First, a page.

Shahryar Eghtesadi completed his Bachelor Degree in Nutrition Science and Food Chemistry in 1975, at Shahid Beheshti University of Medical Sciences, Tehran; MSPH Degree in Nutrition in 1977 at Tehran University of Medical Sciences, Tehran and PhD in Nutrition in 1985 at University of California at Davis (UCD), USA. He served as Visiting Scientist in USDA Human Nutrition Research Center on Aging (HNRCA), Boston, USA (1994-1995); Full Professor of Tabriz, Iran and Tehran University of Medical Sciences and currently serves as Professor of Azad University, Science & Research Branch. He was the Chair of Departments of Nutrition and Biochemistry, Biochemistry & Clinical Nutrition, Public Health Nutrition and Nutrition at aforementioned universities. He served as an Associate Dean and Dean of School of Public Health & Nutrition and School of Public Health of Tabriz and Iran University of Medical Sciences respectively. He has published numerous peer reviewed articles in journals and also edited several books and finally served as Principal Investigator of World Bank Project for Capacity Building in Nutrition in Iran.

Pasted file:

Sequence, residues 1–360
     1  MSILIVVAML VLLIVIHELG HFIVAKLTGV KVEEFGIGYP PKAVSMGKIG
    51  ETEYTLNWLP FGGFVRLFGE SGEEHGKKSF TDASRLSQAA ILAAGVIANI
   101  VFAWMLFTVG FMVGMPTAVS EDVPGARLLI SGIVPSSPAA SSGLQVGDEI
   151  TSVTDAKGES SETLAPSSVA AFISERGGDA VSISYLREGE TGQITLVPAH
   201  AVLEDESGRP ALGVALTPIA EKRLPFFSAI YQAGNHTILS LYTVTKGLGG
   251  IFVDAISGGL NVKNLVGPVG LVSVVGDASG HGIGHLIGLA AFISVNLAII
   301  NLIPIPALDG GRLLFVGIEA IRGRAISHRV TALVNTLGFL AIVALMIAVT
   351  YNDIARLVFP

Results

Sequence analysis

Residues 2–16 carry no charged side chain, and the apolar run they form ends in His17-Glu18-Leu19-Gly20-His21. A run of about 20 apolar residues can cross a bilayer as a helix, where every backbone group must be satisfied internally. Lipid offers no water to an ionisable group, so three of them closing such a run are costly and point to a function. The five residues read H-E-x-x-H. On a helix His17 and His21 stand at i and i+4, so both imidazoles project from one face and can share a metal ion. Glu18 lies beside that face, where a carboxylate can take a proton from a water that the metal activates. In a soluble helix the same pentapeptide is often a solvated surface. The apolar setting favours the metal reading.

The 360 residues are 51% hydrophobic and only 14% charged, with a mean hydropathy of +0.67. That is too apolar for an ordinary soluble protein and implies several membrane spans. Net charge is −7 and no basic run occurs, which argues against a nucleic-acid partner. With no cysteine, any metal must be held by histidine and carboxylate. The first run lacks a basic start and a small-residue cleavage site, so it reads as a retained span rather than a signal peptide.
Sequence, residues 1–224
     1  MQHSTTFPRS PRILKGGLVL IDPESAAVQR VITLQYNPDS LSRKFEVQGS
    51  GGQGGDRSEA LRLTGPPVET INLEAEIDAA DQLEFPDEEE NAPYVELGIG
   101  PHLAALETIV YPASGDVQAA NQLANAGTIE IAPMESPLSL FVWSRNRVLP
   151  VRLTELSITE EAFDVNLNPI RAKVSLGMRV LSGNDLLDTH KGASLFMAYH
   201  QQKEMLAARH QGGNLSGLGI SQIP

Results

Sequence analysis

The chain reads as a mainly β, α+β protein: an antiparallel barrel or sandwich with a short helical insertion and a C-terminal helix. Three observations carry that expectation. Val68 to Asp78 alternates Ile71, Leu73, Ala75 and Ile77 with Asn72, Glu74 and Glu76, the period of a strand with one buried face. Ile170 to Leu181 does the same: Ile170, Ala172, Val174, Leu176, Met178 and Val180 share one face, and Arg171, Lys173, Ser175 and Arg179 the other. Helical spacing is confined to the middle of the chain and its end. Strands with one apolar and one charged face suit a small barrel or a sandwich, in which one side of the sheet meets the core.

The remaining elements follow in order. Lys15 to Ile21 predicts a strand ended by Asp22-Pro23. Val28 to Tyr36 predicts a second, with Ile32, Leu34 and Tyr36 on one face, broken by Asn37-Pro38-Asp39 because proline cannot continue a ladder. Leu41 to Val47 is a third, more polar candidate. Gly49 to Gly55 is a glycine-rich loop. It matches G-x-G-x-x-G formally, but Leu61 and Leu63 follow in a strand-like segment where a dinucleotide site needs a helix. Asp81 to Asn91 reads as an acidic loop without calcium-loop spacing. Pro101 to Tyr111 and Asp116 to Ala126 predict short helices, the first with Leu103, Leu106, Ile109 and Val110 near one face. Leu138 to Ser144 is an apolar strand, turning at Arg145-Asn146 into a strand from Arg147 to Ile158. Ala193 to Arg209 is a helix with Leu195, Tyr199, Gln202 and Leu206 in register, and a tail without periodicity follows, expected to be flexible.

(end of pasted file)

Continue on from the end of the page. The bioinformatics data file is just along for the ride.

High prevalence of TB in Golestan Province in north of Iran motivated us to use supplementation with green tea extract to promote healing. The aim of this study was to investigate the effect of green tea consumption on weight changes, iron status and improving process of pulmonary tuberculosis treatment. This double-blinded randomized clinical trial study was conducted on patients with TB, who were assigned randomly to the green tea group (41 patients) receiving 500 mg catechin of green tea extract and the control group (39 subjects) receiving placebo for two months since the beginning of concomitant anti-TB treatment. Height and weight were measured at first and two and six months thereafter. Demographic, food frequency questionnaires and 24-hour dietary recalls of three non-consecutive days were completed. After obtaining 10 ml of venous blood, hemoglobin (Hb), transferrin, ferritin, total iron binding capacity (TIBC), iron and serum malondialdehyde (MDA) were measured in the beginning and the end of the study. Data were processed using independent and paired t-test, McNemar, Wilcoxon, Kaplan-Meier, Log-rank test Cox regression model and Nutrition 4 software. At the beginning of the survey, two groups were similar according to age, gender and clinical status (p>0.05). Average daily energy intake of patients was 1518±434 kcal, distribution of which was as follow: Carbohydrates 58%, protein 17% and fat 22%.Vitamin D and Zinc intake of patients were less and iron intake was higher than the DRI. Weight changes in both groups of placebo and green tea had tendency of increase with a significant difference at two and six month follows ups (p˂0.0001). However, there were no significant changes due to intervention compared to placebo. ANCOVA test showed mean difference level (P value) in both groups for Hb, iron, TIBC, transferrin and ferritin as of: 0.004, 0.56, 0.65, 0.38 and 0.16, respectively which means that increase of hemoglobin in the green tea group was significant compared to the placebo group. There was just a 9.2 nmol/ml difference between the two groups for MDA in the beginning of study, which was not statistically significant (p=0.078) whereas, it was increased to 24.8 nmol/ml after the intervention, indicating a significant difference (p<0.001). The decline value was estimated -45.45±14.69 nmol/ml for catechin group and -19.91±18.38 nmol/ml for placebo group. In conclusion, green tea as an adjuvant to TB treatment can reduce MDA concentration and improve hematopoiesis and hemoglobin level, but no significant effect on weight gain compared to placebo group.